Affiliations and Expertise

Emeritus Senior Associate Dean for Scholarship (Research); Professor and Chairman, Department of Medical Sciences, Quinnipiac University, CT, USA

Serap Aksoy

Dr. Aksoy is in her fourth decade of a highly recognized career in academic research and teaching, and a recipient of many awards and honors such as Nominated Fellow, Entomological Society of America, and winner of the Connecticut Technology Council Research, Innovation and Leadership award, both in 2015. She has taught in the areas of Molecular Entomology, Vector Biology, and Biology of Eukaryotic Parasites and Helminths, with a special research focus on biology of the tsetse fly and transmission and control of trypanosomiasis. Together with Dr. Wikel she was one of three scientific organizers of the Keystone Symposium on “The Arthropod Vector: The Controller of Transmission.” She is also an Editorial Board Member for the Elsevier journal Insect Biochemistry and Molecular Biology.

Affiliations and Expertise

Professor of Epidemiology, Yale School of Public Health, Yale University School of Medicine, New Haven, CT

George Dimopoulos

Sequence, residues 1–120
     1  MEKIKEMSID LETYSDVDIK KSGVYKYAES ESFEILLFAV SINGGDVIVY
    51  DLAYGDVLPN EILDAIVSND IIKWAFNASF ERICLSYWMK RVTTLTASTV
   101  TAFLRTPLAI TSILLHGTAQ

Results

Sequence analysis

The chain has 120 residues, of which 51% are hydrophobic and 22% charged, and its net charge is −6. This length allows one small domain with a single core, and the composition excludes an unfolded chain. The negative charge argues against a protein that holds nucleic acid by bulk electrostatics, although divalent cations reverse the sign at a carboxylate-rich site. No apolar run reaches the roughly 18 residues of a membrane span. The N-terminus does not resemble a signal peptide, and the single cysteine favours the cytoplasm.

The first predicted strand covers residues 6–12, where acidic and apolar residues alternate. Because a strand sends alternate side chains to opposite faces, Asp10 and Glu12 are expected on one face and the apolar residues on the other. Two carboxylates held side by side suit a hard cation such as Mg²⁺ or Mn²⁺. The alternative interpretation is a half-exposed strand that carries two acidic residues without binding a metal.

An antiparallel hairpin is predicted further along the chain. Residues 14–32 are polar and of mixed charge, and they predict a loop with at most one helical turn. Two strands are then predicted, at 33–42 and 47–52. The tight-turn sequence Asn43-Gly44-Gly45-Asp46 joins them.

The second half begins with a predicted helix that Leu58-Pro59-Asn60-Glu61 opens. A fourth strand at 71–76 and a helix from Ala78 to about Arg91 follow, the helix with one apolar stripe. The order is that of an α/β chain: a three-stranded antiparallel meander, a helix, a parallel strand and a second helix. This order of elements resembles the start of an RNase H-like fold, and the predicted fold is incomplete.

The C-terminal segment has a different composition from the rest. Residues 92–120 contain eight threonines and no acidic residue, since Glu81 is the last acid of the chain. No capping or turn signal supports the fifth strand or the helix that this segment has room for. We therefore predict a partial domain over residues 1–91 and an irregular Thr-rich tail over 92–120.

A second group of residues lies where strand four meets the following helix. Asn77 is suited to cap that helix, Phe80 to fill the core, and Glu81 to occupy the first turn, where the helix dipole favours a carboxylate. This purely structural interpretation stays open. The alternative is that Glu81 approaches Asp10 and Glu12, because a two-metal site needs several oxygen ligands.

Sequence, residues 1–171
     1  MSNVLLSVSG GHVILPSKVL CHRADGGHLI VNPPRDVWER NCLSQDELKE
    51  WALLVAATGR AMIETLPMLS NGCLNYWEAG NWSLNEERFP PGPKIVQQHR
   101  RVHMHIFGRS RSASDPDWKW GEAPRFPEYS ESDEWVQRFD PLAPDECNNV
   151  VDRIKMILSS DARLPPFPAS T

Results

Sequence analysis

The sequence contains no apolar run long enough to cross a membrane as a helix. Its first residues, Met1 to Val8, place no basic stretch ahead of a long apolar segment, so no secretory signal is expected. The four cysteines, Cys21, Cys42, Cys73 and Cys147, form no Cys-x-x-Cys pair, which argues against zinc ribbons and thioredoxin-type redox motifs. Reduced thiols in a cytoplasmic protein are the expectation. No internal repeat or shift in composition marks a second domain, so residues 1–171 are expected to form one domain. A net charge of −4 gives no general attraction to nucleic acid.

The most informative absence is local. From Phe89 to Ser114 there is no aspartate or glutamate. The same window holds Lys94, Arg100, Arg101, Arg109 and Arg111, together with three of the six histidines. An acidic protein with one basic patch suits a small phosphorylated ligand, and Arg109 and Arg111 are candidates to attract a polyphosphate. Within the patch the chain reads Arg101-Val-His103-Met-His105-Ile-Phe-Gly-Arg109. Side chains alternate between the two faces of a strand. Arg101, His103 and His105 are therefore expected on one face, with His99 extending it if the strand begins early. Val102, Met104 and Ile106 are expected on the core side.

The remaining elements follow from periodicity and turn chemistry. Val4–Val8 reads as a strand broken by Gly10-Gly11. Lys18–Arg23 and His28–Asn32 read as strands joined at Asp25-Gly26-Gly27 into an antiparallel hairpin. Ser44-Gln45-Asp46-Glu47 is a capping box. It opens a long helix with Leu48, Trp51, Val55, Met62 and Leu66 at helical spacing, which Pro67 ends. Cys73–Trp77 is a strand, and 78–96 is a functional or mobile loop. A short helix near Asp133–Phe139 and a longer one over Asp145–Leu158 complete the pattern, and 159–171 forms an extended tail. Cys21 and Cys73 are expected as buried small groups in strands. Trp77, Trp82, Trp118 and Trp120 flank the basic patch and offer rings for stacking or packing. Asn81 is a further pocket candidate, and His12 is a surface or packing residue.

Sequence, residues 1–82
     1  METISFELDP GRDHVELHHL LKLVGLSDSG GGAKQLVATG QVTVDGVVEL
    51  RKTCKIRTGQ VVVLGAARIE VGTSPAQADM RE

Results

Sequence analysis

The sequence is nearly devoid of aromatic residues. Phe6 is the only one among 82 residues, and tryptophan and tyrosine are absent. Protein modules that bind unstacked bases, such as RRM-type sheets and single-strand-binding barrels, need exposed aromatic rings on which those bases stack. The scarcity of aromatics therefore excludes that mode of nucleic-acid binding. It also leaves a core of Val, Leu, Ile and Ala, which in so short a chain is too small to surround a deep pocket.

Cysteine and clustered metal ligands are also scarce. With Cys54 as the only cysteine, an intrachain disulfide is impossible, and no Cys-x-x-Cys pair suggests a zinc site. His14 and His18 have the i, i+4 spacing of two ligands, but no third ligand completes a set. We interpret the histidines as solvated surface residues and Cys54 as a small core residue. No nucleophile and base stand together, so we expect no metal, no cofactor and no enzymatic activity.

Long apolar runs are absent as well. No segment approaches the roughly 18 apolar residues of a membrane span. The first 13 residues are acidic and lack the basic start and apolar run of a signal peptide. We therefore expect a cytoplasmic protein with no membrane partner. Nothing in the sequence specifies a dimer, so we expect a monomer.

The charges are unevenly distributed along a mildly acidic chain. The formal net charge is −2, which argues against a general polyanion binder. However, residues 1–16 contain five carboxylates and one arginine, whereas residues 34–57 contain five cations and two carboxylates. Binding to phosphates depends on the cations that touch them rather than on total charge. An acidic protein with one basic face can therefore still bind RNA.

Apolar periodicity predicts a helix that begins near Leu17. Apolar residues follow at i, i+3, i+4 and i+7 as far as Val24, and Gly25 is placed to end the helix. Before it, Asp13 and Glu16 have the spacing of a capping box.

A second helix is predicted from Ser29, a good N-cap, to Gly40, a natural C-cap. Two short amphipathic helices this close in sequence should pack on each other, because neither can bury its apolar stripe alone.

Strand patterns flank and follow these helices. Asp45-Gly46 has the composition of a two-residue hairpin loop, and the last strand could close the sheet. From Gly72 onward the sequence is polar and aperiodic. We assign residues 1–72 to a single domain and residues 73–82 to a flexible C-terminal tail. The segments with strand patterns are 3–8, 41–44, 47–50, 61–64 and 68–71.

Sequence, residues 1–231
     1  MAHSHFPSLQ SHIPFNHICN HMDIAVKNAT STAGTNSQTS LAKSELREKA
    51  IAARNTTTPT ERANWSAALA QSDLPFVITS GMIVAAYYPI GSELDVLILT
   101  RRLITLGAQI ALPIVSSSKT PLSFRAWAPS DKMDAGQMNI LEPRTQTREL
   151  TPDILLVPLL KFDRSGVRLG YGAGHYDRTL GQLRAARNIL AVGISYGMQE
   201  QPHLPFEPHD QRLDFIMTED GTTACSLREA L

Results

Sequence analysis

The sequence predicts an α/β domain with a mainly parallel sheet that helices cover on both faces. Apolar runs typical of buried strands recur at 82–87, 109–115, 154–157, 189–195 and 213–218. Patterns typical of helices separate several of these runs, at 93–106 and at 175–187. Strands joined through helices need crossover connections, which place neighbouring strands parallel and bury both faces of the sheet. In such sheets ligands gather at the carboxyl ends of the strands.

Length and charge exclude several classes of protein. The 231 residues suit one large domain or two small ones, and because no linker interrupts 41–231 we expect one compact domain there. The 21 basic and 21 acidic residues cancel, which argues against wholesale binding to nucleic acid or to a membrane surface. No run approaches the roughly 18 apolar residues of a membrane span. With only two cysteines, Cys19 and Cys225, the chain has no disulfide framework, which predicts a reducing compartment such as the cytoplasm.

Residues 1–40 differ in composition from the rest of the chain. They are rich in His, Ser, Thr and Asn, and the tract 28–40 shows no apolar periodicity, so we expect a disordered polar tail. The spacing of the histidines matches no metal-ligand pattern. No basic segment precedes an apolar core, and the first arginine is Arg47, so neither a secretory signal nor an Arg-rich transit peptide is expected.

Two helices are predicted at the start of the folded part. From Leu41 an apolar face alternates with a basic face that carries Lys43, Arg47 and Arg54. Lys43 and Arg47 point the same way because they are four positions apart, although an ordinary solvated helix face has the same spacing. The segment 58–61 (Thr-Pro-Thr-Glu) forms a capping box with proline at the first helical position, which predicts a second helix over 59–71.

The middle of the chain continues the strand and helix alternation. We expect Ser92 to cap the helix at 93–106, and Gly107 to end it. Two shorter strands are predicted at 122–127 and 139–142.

In addition to his academic appointments, Dr. Dimopoulos is Director of the Johns Hopkins Malaria Research Institute Parasitology Core Facility. He is a permanent member of the NIH/NIAID Vector Biology Study Section and has lectured in such areas as Medical Entomology, Vector Biology, Innate Immunity and Molecular Entomology. He has been Editorial Board Member for journals including Insect Physiology and Insect Molecular Biology and has authored or co-authored more than 80 peer-reviewed scientific articles. His group’s research focuses on the mosquito Anopheles gambiae, in such areas as defense mechanisms employed by mosquito vectors against human pathogens, and how naturally occurring microbes of the mosquito intestine can influence the mosquito's susceptibility to infection with human pathogens, with an aim to discover control strategies for vector-borne diseases such as malaria and dengue.

Affiliations and Expertise

Professor, Dept. of Molecular Microbiology and Immunology, Johns Hopkins School of Public Health; and Adjunct Professor, Department of Microbiology and Medical Zoology, University of Puerto Rico School of Medicine